You can always ask, and the polite way to do it is simply to ask politely, while indicating that you have a strong interest in enrolling in the program. The best circumstance is that you have a financially superior offer from another program which is of equal or slightly better quality. Then the graduate program in question may see a small amount of additional funding as a reasonable expense to ensure your enrollment. (If the other program is more than a little bit better, then everyone will be expecting you to go to the better program...unless you have personal reasons to want to go to the less good program, in which case you do not need a financial incentive.)
user45756 "guaranteed" that such a request would not lead to summer funding. Of course no one person could possibly make such a guarantee, and I have very occasionally seen additional funding given to graduate students to help attract them to a program or keep them in a program. But user45756's answer is still accurate in spirit: in the overwhelming majority of cases you get what you get.
However the expression The squeaky wheel gets the grease is very applicable to academia: people who ask for a little bit more* tend to get a little bit more. Your request for summer funding is unlikely to magically result in a higher starting salary, but it may well result in your being placed higher on lists for various summer funding opportunities. I think it is a good idea to say something like "I understand that additional funding may not be possible, and I very much appreciate your offer. However, I am sincerely concerned about quality-of-life issues while enrolled as a graduate student, and I would very much appreciate being told of any other funding, scholarship or teaching opportunities that are or may become available."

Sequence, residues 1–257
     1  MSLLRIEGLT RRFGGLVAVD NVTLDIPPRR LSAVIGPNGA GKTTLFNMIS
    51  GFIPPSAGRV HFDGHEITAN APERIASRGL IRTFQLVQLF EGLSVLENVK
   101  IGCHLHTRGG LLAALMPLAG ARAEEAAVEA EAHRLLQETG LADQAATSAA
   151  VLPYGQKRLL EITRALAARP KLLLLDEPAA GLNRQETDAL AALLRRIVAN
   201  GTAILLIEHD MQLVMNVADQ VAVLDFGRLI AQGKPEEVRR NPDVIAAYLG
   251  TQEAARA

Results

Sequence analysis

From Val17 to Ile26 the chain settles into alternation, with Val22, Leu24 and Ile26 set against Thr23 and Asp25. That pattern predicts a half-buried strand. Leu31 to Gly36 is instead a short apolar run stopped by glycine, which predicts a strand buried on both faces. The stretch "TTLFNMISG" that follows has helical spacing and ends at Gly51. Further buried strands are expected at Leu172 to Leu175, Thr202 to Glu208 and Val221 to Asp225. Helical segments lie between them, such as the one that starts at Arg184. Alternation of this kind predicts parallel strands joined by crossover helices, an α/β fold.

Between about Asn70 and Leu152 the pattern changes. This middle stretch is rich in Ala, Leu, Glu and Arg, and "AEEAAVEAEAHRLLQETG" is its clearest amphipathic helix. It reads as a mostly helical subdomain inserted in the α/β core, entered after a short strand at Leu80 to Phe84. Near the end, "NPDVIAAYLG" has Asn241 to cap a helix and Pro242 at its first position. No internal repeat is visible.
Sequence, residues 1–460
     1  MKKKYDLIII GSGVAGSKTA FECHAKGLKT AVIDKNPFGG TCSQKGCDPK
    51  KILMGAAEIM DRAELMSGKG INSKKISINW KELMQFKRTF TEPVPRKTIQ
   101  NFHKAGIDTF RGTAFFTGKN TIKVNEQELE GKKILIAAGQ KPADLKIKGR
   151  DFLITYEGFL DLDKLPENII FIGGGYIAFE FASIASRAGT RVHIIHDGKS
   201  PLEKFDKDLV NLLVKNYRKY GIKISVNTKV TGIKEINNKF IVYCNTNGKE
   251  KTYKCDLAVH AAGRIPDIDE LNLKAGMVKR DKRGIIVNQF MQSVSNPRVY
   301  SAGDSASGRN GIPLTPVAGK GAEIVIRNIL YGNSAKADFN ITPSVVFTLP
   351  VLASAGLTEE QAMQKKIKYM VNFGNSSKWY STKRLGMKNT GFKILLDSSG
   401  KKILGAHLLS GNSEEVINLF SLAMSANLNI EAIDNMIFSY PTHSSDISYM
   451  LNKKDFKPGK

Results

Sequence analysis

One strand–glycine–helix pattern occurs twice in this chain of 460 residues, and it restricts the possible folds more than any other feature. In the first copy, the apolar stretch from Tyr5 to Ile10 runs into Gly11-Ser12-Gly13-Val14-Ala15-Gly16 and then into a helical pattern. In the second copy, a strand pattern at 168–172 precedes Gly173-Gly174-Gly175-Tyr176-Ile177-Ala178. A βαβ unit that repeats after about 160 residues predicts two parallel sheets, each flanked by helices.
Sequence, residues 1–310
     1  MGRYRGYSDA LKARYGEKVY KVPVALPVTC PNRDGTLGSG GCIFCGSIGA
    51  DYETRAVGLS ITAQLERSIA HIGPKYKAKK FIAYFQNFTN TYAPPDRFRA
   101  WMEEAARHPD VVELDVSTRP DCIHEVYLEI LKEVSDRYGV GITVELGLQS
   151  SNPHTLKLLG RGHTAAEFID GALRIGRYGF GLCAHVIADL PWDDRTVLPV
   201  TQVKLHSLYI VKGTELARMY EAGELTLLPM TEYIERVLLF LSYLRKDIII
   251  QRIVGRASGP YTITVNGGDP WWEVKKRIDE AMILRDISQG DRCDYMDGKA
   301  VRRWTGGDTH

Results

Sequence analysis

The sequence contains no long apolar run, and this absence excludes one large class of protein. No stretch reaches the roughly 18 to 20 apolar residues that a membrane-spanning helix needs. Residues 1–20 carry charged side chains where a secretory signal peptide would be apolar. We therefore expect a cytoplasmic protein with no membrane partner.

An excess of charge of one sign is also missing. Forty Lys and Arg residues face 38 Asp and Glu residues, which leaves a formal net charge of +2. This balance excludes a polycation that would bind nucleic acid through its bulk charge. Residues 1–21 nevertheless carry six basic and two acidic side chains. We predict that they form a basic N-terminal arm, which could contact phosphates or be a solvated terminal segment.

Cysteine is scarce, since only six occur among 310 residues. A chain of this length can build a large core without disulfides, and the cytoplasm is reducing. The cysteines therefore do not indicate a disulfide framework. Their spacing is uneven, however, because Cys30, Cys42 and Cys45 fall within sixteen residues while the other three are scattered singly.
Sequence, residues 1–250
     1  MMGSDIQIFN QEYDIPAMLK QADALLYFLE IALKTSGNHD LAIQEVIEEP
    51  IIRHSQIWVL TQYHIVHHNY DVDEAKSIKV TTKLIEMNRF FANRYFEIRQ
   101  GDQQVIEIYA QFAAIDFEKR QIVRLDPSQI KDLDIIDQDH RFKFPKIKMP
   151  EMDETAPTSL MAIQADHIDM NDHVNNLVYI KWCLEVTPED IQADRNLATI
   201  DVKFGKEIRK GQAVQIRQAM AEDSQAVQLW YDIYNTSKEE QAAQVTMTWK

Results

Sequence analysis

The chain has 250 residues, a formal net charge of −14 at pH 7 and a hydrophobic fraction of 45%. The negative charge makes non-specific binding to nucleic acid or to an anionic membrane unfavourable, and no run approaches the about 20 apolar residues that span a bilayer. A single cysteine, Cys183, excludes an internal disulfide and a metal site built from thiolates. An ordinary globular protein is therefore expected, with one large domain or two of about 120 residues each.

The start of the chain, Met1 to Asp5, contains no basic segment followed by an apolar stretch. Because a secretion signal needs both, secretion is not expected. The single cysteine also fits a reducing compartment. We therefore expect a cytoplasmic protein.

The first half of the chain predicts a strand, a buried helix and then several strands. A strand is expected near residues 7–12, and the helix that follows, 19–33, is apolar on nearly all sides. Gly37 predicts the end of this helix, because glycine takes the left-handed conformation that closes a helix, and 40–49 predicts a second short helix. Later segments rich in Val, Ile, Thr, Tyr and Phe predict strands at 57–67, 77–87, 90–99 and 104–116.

*: It is true though that people who don't know the culture well enough sometimes ask for a lot more when they think they are asking for a little bit more, and that often causes them to be taken less seriously or ends negotiations. (Imagine if you had an assistant professor job interview at a public American university and, after shaking hands with the department chair, told them that you were holding firm at a $100K starting salary. It is more than likely that you've just talked yourself out of any possibility of a job offer.) There is a real art to asking for something in a way which makes clear that you will be grateful for any response that you get, not that you feel absolutely entitled to getting your precise demands. A graduate student asking for extra funding should make extra clear that they are "just asking" and will be grateful for any response they will get. I remember one long-ago friend who was hoping that the MIT mathematics department would "get into a bidding war" with some other department of comparable quality. Of course that didn't happen, and though he did start a PhD program somewhere quite good, I could tell from this behavior (I was a first year graduate student at the time) that he didn't quite get the academic culture. I believe he dropped out within a year. (And then I lost touch with him, but I am willing to guess that he now makes much more money than I do...)